It all started with one of Debra's vases.

Long ago my idea of a perfect pot was one that was flawlessly smooth and had no
variation in the glaze. You know, just like the kind you find in any five and dime.
I didn't understand that these mugs and bowls could hold your coffee or ice cream
but they had no soul.

Then one day I picked up a vase that Debra had made almost a decade
earlier. It was signed in her hand and marked with the year of it's creation. There
were marks made by her fingers and the unevenness of a hand-applied glaze.
It was perfect in its imperfection. It contained her spirit and it spoke to me.

The fact that this beautiful, durable work of art was once a maleable,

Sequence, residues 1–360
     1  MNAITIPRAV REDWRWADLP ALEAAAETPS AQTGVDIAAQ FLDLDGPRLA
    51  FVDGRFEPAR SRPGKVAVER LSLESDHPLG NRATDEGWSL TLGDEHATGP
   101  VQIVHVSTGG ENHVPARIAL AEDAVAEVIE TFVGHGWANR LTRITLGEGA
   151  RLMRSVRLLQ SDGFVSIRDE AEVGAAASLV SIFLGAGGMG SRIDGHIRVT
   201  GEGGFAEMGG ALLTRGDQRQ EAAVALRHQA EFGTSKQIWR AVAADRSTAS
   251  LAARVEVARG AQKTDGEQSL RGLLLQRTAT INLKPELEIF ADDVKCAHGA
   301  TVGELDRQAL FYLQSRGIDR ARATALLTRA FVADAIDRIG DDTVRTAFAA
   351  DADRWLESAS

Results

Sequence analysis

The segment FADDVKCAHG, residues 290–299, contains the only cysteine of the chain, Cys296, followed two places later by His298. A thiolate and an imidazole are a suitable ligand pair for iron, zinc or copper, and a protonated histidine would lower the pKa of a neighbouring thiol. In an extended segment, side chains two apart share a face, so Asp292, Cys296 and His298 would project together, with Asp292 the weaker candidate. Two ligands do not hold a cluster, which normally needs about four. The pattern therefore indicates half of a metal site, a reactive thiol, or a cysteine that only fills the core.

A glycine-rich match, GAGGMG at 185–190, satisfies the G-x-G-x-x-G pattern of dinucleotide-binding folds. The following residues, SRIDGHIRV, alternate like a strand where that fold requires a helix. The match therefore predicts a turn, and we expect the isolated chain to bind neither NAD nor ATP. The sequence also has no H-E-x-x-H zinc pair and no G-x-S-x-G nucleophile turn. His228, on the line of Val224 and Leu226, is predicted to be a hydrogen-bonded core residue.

amorphous lump of clay facinated me. This was real. No imitation. Not just another
vase unpacked from a case of eleven more exactly like it. And, I knew the person
who had made it.

Many years had passed since she last shaped clay and it was long past time
for her to get back into it. So I bought her a wheel.

Still facinated, I signed up for classes and began my journey in clay. A pitcher
that another student had produced caught my eye. It reminded me of those
enameled camp coffee pots and inspired me to see if I could make clay look like
NOT clay.

Larry Nelson